A coaxial cable is a single wire surrounded by a cylindrical metallic braid. The two conductors are separated by an insulator. The central wire carries current to the other end of the cable, and the outer braid carries the return current and is usually considered ground. Describe the magnetic field (a) in the space between the conductors, and (b) outside the cable. Solution: a. Between the conductors, the field is solely due to the inner conductor, and is that of a long straight wire. b. Outside the cable the field is zero.

12 28-4 Ampère’s Law Example 28-8: A nice use for Ampère’s law.
Use Ampère’s law to show that in any region of space where there are no currents the magnetic field cannot be both unidirectional and non-uniform as shown in the figure. Solution: Use Ampère’s law to integrate around the path shown. The two vertical segments contribute zero to the integral, as the path is perpendicular to the field. The contributions from the horizontal segments would cancel if the field were uniform; if it is not, they don’t. This is inconsistent with Ampère’s law, as there is no current enclosed by the path.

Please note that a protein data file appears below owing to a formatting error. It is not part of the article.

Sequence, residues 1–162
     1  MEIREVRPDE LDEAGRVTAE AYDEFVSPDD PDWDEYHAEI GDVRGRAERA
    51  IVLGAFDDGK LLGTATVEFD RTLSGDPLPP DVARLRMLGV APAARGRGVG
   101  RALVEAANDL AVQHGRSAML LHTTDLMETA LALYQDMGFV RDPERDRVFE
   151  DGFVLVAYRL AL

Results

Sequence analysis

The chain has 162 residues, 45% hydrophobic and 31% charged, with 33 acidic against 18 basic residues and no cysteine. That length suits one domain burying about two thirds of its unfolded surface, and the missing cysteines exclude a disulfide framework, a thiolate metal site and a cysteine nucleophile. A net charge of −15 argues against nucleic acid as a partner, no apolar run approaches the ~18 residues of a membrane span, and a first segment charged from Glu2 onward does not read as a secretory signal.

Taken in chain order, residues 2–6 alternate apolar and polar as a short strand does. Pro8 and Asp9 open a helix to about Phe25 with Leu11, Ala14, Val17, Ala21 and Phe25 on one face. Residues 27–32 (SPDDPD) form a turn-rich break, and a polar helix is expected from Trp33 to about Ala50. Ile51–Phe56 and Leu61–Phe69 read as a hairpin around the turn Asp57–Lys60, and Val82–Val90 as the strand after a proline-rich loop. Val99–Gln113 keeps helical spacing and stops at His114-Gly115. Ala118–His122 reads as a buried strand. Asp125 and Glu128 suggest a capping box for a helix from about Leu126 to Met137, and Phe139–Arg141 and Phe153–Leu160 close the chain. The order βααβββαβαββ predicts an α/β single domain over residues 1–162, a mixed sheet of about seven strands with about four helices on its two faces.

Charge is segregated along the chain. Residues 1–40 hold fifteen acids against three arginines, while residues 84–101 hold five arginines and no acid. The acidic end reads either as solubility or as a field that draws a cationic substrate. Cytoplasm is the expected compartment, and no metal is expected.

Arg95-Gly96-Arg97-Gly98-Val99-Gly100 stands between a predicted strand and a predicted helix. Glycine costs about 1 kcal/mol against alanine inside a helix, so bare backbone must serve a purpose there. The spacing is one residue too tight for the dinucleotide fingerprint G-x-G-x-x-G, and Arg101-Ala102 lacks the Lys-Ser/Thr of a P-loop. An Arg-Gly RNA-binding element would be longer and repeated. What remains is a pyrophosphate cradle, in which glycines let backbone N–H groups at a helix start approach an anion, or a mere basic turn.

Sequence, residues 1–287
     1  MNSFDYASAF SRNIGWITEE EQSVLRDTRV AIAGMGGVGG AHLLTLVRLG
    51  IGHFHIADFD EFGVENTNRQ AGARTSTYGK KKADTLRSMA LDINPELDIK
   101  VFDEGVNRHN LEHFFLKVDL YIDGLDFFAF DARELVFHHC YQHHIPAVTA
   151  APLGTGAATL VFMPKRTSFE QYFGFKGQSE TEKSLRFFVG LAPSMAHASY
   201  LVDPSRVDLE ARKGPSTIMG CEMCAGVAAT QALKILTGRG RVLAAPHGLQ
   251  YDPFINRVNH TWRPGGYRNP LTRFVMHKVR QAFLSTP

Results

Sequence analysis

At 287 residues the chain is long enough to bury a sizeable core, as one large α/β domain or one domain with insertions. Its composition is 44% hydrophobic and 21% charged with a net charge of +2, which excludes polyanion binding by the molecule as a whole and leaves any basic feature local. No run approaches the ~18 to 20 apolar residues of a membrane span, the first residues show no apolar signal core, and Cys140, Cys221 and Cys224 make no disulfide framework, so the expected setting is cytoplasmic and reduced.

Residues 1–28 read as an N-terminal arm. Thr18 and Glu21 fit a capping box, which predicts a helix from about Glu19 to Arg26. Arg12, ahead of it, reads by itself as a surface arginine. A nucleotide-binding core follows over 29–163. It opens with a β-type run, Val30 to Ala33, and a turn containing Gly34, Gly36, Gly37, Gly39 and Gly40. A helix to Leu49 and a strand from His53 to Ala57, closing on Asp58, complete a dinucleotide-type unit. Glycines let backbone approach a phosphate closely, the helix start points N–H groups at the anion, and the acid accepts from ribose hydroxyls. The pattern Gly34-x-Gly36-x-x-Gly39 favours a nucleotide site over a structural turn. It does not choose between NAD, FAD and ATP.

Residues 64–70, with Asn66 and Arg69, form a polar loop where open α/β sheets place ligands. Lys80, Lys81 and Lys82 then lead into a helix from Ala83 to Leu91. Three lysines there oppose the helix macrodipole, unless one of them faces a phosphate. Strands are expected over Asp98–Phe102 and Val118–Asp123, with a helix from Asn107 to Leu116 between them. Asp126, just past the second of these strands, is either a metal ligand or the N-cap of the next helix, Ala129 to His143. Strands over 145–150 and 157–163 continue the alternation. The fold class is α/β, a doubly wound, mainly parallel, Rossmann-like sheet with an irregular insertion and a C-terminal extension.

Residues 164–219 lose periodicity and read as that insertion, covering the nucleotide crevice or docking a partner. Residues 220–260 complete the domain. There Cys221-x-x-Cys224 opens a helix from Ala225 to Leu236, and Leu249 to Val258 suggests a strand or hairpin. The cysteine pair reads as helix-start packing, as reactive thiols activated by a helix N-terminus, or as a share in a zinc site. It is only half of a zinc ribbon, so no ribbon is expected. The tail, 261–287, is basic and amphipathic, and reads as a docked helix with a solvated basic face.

13 28-4 Ampère’s Law Solving problems using Ampère’s law:
Ampère’s law is only useful for solving problems when there is a great deal of symmetry. Identify the symmetry. Choose an integration path that reflects the symmetry (typically, the path is along lines where the field is constant and perpendicular to the field where it is changing). Use the symmetry to determine the direction of the field. Determine the enclosed current.